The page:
Revolutionising NATs Production: A Scalable and Sustainable Approach

Unlocking the full potential of nucleic acid therapeutics (NATs) has always been hindered by manufacturing challenges. Traditional chemical synthesis methods face limitations in scalability and sustainability, prompting the need for innovative solutions. This project, developed at the University of Manchester, brings an innovative solution ready to licence.

Challenging the Norms

Nucleic acid therapeutics (NATs) are crucial for selectively modulating the production of disease-related proteins. However, existing chemical synthesis methods are not conducive to large-scale applications, presenting several challenges:

  • Solid supports and chemical synthesis methodologies limit production to small batches.
  • Extensive washing steps and chromatographic purification necessitate the use of unsustainable volumes of acetonitrile.
  • Currently marketed therapies suffer from low yields, modest purities, and complex mixtures of stereoisomers.

There’s a pressing need for a manufacturing paradigm shift, one that overcomes these limitations and unleashes the full potential of NATs.

The Technology

Researchers at the University of Manchester have pioneered a one-pot enzyme cascade for scalable oligonucleotide synthesis. This innovative methodology utilises DNA polymerases, NTP monomers, and an endonuclease to amplify a self-priming template in a repetitive process. Setting it apart from other methods, our cascade doesn’t require stoichiometric primers, ensuring unscarred products without complicating the purification process.

Key Benefits:

This revolutionary technology comes with a host of advantages:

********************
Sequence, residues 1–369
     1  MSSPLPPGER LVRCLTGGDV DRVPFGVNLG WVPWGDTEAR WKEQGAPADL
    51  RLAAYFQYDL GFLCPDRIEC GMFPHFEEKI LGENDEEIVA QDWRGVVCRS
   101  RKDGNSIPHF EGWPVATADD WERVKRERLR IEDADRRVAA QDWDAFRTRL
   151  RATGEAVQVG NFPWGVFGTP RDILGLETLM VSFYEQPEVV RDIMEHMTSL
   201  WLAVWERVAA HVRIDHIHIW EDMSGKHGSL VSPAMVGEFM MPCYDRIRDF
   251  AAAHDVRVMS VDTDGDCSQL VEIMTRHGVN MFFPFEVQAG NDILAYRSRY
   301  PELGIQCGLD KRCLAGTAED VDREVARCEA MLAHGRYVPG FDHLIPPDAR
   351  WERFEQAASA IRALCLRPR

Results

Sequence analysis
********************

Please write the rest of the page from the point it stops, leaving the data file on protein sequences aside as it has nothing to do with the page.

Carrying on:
• Operates in solution-phase under isothermal conditions, fitting seamlessly into conventional batch reactors.
  • Significantly reduces raw material requirements, enhancing scalability and sustainability.
    Capable of synthesising a diverse range of oligonucleotide sequences and modifications.
  • A one-pot methodology replaces iterative rounds of chain extension, oxidation, capping, and deprotection, streamlining the process.
  • Products are synthesised with increased yield and purity, eliminating the need for solvent-based purification methodologies.

Licensing Opportunity:

This technology is available for licensing on a non-exclusive basis across various fields. In the therapeutic oligos domain, the University offers licences for research purposes or manufacturing products for clinical development/commercialisation.  Please contact the Project Manager for more information on licensing this innovation.

Moody, E. R. et al. “An enzyme cascade enables production of therapeutic oligonucleotides in a single operation.” Science 380, 1150-1154 (2023).